State coercion and public sector unionism in post-coup Fiji


  • Jacqueline Leckie



The trade union movement played a pivotal role in the formation of the Fiji Labour Party, and later represented a potential source of organized opposition to the military regime which overthrew the Labour Government in 1987. This paper explores why the Fiji administration perceived organized labour as a threat and discusses the measures the military regime took to retain control by weakening any political role for unions. Much of the regime's energy in this respect has been directed towards the Fiji Public Service Association. Its leaders argue that the fundamental issue of trade union rights can not be guaranteed without the protection of human rights and a democratic framework in Fiji, neither of which is assured in the recently promulgated constitution.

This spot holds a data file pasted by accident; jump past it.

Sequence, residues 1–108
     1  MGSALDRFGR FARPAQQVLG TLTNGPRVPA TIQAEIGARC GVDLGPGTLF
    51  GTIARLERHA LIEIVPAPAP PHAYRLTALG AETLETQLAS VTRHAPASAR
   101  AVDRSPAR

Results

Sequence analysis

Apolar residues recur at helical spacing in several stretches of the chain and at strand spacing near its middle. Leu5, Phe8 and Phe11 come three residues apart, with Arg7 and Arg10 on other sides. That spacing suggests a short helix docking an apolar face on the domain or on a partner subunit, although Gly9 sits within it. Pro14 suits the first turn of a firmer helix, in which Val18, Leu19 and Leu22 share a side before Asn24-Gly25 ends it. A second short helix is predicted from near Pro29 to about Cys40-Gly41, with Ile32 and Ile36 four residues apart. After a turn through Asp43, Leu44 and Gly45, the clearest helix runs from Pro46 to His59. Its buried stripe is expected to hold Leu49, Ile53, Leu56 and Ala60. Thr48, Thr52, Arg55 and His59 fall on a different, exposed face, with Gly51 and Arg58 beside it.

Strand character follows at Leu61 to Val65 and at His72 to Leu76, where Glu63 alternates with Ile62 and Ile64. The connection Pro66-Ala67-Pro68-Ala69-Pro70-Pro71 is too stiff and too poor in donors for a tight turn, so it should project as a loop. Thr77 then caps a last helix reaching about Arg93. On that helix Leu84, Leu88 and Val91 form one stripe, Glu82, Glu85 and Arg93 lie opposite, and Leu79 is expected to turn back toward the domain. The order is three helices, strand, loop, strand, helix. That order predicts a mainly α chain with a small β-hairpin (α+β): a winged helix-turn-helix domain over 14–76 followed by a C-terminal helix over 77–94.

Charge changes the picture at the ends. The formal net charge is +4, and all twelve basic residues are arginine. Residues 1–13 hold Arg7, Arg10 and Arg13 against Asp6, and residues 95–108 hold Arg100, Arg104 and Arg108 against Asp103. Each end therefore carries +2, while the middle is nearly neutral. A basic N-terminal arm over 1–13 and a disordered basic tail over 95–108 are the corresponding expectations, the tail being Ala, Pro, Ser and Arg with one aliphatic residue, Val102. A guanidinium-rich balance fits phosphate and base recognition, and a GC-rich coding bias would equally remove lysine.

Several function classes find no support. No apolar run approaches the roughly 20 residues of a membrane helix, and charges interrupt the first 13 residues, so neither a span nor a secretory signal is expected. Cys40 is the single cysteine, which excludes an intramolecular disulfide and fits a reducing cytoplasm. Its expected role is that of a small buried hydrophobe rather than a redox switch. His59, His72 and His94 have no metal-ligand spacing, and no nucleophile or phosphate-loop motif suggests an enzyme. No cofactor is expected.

Download data is not yet available.